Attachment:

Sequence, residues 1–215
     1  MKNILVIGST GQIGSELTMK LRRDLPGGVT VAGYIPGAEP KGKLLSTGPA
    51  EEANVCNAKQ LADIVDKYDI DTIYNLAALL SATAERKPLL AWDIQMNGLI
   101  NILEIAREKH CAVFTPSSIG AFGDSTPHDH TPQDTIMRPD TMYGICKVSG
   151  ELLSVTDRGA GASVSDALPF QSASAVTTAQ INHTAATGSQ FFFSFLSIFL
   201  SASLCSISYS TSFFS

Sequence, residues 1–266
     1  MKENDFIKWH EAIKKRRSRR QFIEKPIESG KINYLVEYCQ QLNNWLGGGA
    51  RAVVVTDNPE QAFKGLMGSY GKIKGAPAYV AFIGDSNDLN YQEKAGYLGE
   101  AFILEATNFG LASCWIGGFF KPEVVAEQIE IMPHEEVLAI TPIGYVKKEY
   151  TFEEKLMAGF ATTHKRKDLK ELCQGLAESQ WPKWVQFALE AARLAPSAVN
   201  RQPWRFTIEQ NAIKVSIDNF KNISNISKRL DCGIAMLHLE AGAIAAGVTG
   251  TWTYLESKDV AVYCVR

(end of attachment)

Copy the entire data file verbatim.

Sequence, residues 1–215
     1  MKNILVIGST GQIGSELTMK LRRDLPGGVT VAGYIPGAEP KGKLLSTGPA
    51  EEANVCNAKQ LADIVDKYDI DTIYNLAALL SATAERKPLL AWDIQMNGLI
   101  NILEIAREKH CAVFTPSSIG AFGDSTPHDH TPQDTIMRPD TMYGICKVSG
   151  ELLSVTDRGA GASVSDALPF QSASAVTTAQ INHTAATGSQ FFFSFLSIFL
   201  SASLCSISYS TSFFS

Sequence, residues 1–266
     1  MKENDFIKWH EAIKKRRSRR QFIEKPIESG KINYLVEYCQ QLNNWLGGGA
    51  RAVVVTDNPE QAFKGLMGSY GKIKGAPAYV AFIGDSNDLN YQEKAGYLGE
   101  AFILEATNFG LASCWIGGFF KPEVVAEQIE IMPHEEVLAI TPIGYVKKEY
   151  TFEEKLMAGF ATTHKRKDLK ELCQGLAESQ WPKWVQFALE AARLAPSAVN
   201  RQPWRFTIEQ NAIKVSIDNF KNISNISKRL DCGIAMLHLE AGAIAAGVTG
   251  TWTYLESKDV AVYCVR